Published October 16, 2013
San Juan, Puerto Rico – The government of Puerto Rico denied Tuesday that it is near bankruptcy or might need U.S. federal intervention, offering those assurances during a conference call with investors aimed at alleviating concerns about a recent cut in planned bond sales and the island's continuing financial crisis.
Gov. Alejandro García Padilla said that the U.S. territory would not default on its debts as it heads into its eighth year of recession.
"We will do everything, and I repeat, everything that is necessary for Puerto Rico to honor all its commitments," he said. "It's not only a constitutional but also a moral obligation."
Investors became rattled when the island's Government Development Bank recently announced it would cut bond sales to between $500 million and $1.2 billion for the rest of the year, after investors pushed the yield on Puerto Rico bonds above 10 percent.
The Caribbean territory's government is a major issuer of bonds in the U.S., where the bonds are popular because they are exempt from federal and state taxes.
García said he would introduce legislation before year's end to overhaul the pension system for teachers, which is at risk of running out of funds. Earlier this year, he reformed a separate and larger public pension system that was crumbling under a $37.3 billion unfunded liability.
Last week, García also increased the borrowing capacity of Puerto Rico's main debt issuer, the Sales Tax Financing Authority, in a move praised by several municipal bond analysts.
The move comes as the territory struggles with $70 billion in public debt and a 13.9 percent unemployment rate, higher than any U.S. state.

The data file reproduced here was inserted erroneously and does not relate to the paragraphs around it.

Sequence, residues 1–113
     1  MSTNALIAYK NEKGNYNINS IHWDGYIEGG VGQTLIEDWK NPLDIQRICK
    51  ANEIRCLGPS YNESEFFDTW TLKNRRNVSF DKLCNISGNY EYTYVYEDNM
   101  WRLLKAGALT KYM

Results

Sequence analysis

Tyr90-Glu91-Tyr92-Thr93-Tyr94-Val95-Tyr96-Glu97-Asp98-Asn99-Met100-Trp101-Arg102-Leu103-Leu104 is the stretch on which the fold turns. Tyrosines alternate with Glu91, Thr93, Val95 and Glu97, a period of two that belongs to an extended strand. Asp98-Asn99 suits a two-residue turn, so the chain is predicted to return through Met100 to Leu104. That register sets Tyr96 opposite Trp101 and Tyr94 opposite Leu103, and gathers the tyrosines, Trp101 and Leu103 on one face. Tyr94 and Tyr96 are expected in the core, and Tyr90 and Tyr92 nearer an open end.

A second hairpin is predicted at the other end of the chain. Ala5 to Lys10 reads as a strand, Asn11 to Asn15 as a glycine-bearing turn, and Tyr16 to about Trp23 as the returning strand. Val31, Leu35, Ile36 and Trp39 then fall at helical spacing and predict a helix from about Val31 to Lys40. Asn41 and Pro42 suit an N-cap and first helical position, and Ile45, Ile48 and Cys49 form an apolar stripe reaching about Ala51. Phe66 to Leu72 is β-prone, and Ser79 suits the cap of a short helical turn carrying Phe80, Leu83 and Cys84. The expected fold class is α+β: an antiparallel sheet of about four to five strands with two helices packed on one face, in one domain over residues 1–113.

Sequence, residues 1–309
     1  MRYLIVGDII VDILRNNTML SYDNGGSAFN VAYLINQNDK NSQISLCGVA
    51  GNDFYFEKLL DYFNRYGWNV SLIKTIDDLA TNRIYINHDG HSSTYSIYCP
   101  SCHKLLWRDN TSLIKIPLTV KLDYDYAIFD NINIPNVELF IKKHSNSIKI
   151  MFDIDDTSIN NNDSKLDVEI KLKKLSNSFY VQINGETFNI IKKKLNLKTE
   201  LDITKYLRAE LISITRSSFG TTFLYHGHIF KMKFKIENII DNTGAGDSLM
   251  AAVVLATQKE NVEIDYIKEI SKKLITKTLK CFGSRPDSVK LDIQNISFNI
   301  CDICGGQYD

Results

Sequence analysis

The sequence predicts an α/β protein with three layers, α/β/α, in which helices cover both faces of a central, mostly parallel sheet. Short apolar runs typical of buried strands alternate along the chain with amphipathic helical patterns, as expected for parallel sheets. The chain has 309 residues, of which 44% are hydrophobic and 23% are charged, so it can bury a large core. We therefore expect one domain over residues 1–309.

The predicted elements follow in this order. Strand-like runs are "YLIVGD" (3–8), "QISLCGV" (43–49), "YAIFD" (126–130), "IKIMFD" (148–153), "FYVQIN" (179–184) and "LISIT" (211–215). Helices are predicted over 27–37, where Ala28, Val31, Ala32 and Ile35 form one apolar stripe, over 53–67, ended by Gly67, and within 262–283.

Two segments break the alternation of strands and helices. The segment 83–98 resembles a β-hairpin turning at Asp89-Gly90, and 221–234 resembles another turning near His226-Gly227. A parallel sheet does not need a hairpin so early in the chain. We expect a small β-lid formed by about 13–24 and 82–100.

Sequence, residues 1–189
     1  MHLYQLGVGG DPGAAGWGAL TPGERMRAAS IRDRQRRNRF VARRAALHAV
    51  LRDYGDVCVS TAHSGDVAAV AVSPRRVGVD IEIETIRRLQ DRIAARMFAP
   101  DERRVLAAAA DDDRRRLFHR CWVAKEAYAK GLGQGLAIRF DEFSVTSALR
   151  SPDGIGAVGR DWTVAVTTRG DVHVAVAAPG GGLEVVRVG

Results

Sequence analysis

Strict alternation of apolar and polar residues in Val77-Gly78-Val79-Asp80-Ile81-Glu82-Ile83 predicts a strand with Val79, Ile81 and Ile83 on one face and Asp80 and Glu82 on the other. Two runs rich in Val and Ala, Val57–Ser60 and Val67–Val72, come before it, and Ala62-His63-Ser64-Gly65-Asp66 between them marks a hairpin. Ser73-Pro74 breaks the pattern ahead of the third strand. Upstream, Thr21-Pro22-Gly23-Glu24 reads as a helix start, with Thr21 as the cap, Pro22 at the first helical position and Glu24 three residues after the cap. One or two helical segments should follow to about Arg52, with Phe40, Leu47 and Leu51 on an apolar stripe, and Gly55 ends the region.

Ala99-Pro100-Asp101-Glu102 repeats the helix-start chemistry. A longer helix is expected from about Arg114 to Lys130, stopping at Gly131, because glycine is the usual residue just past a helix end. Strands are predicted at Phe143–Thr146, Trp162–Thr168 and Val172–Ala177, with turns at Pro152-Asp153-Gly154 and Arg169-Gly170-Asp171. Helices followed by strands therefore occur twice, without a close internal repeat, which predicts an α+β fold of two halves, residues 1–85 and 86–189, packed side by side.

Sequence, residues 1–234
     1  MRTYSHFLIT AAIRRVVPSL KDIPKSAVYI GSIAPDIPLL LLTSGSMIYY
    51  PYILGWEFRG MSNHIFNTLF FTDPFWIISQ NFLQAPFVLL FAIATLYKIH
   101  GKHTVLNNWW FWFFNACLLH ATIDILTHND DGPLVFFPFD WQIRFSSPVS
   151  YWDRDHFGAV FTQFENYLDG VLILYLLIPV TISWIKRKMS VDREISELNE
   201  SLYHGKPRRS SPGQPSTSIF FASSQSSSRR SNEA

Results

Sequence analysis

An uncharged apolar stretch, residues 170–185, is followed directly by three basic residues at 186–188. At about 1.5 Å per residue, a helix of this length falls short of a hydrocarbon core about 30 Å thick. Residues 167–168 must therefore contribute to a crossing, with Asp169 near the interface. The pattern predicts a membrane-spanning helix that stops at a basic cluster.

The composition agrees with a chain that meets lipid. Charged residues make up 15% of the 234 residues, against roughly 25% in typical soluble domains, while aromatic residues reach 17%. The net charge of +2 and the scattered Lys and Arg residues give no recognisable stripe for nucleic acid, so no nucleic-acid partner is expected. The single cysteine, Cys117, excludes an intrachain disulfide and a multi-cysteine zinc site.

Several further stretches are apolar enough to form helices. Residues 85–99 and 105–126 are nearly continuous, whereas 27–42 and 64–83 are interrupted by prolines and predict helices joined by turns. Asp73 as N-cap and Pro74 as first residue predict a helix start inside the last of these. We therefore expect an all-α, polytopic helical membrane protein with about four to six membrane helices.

Treasury Secretary Melba Acosta said rumors about the U.S. government intervening to help alleviate Puerto Rico's financial crisis are not true. But she said U.S. officials are discussing setting up a committee that would help find ways to boost the island's economy.
"It's something that's under discussion right now," she said.
Investors, however, kept questioning the possibility of the federal government becoming involved, and whether territorial agencies could file for Chapter 7 or 11 bankruptcy restructuring.
One noted the market is speculating that the island's power company could file for bankruptcy because it operates as a mostly autonomous entity.
"There seems to be a lot of misinformation out there," said Jose Coleman, executive vice president of the Government Development Bank. "Bankruptcy is completely out of the question concerning Puerto Rico."
Acosta promised investors that the government would cut its $820 million budget deficit in half by 2015. Officials noted that the deficit has already been reduced from $2.4 billion.
Officials also pledged to start holding regular investor webcasts at least once a quarter and said agencies including the Highway Transportation Authority would start posting their quarterly and monthly results.
David Chafey Jr., board president of the Government Development Bank, said he doesn't expect the island's four main public corporations to need subsidies or loans for the upcoming fiscal year, in part because of such measures as an average 60 percent rate increase by the state water company.